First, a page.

Electroplating can be defined as the deposit of a very thin layer of metal onto a base metal in order to enhance or change its appearance. Unlike painting, where the new deposit is sprayed on, the chrome (and associated materials) are applied through the use of an electrical current, hence the term ‘electroplating.’
A plating bath is the name for what is essentially a giant tank, many of which are used throughout the chroming process. The baths are filled with a liquid that contains the desired metal dissolved within it — which could be silver, gold, nickel or another metal.
The plating–bath solution serves as a conductive medium, utilizing a low DC voltage. The metal item that is to be plated is submerged in the plating bath, and a low-voltage DC current is applied to the bath.
The electrolytic process then causes the dissolved metal ions to attach to the surface of the metal to be plated. The thickness of the electroplated layer is determined by the time the item spends in the plating bath while the current is being applied, and the amount of current used.
Sometimes the shape and contour of the item can affect the thickness of the plated layer. Metal objects with sharp corners and edges will tend to have thicker plating on the outside corners and thinner plating in the recessed areas. This is due to the corners being more exposed, therefore attracting more particles.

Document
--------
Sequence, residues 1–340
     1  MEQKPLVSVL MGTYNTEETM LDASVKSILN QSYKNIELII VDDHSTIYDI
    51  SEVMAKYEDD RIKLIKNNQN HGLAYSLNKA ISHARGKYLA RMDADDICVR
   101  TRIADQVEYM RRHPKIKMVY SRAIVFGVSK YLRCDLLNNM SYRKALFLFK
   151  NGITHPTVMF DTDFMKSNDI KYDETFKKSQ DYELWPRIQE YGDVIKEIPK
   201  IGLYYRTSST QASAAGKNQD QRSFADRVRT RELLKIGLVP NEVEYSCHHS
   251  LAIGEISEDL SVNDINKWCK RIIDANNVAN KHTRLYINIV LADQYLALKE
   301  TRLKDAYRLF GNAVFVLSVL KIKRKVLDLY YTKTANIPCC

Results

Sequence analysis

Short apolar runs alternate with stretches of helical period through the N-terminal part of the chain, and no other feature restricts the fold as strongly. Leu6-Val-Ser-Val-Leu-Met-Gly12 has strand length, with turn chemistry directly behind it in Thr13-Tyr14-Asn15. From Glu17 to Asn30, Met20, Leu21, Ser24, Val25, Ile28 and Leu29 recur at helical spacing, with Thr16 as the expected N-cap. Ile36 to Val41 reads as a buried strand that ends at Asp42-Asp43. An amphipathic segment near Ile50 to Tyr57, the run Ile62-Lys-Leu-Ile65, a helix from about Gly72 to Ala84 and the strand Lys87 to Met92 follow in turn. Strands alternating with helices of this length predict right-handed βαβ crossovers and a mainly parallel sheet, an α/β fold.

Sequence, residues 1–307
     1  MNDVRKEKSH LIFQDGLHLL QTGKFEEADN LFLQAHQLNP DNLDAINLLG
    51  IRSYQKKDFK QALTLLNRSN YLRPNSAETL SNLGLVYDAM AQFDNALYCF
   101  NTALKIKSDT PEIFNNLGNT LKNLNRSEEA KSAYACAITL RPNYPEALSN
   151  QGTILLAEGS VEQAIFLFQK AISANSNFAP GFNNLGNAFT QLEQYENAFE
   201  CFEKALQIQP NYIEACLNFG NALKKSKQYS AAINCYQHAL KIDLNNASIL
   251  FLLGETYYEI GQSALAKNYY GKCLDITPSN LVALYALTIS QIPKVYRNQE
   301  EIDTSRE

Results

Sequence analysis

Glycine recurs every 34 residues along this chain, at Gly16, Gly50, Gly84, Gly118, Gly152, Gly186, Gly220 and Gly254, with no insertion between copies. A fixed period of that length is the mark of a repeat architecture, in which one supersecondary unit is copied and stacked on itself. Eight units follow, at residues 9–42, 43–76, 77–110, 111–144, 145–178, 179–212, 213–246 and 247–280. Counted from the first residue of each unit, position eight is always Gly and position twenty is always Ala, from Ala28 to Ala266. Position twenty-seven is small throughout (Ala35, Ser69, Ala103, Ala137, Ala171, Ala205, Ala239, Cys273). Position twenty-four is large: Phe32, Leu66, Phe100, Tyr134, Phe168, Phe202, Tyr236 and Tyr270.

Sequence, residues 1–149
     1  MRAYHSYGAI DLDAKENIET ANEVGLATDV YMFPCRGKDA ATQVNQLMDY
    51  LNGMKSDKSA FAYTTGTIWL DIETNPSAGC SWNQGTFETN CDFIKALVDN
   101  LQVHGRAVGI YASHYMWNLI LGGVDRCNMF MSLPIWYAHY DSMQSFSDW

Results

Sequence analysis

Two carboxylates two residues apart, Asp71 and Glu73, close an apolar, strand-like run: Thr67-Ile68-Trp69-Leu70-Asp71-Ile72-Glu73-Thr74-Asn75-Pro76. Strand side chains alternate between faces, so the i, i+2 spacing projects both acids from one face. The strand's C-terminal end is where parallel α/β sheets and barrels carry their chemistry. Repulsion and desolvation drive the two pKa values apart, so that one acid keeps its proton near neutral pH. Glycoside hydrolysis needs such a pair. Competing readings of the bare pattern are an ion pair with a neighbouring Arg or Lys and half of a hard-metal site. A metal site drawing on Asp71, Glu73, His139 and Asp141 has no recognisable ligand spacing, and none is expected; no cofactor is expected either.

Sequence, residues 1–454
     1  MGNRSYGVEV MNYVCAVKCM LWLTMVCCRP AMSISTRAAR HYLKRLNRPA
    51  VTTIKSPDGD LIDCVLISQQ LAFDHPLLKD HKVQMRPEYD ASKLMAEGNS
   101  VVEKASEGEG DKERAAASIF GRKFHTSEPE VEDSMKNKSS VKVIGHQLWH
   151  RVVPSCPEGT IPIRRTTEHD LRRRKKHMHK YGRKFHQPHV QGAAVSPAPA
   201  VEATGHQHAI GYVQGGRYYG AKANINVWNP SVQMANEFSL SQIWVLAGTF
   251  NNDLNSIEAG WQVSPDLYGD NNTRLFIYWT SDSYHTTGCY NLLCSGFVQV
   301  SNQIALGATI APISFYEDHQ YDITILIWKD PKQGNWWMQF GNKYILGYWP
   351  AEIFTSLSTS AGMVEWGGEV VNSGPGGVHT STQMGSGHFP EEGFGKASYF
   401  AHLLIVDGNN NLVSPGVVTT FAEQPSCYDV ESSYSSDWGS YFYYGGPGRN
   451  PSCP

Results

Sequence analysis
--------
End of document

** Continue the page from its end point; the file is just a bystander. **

The Price of Plating
The price of electroplating services is determined by numerous factors such as the type of metal used for plating (i.e. gold, silver, chrome, etc), the desired thickness of the plating, the base metal (i.e. steel, copper alloys, aluminum), the rough dimensions of the object to be plated, and the number of items to be plated. As an example, nickel costs around $16,000 per tonne — as a rough guideline, on the average ’50s US classic car, around 12kg of nickel is used.
What many forget, however, is that since the plating process does not hide or mask surface imperfections, plenty of preparation time is required to ensure a flawless finish before the plating process itself has even begun.
Most vehicles of the chrome era have more than their fair share of dents and scrapes in the trimwork, and removing them is not a straightforward task. Indeed, it’s one that involves plenty of skill, and an even greater amount of time — which all adds to the cost involved, in the same way that panel beating and preparation add to a paint job.
Ask anyone who’s had a bumper from a ’50s US cruiser chromed how much work was involved in getting the bumper straight and tidy prior to plating, and you’ll soon see where a large proportion of the final cost goes — yet it’s amazing how many seem to forget all about the preparation time when it comes to settling the eventual bill.
It also pays to remember that as each tank used in the electroplating process has a current sent through it to activate the solution within, the monthly power bill for the plating business can be as high as $30,000 — another cost that most of us would never even have dreamed about.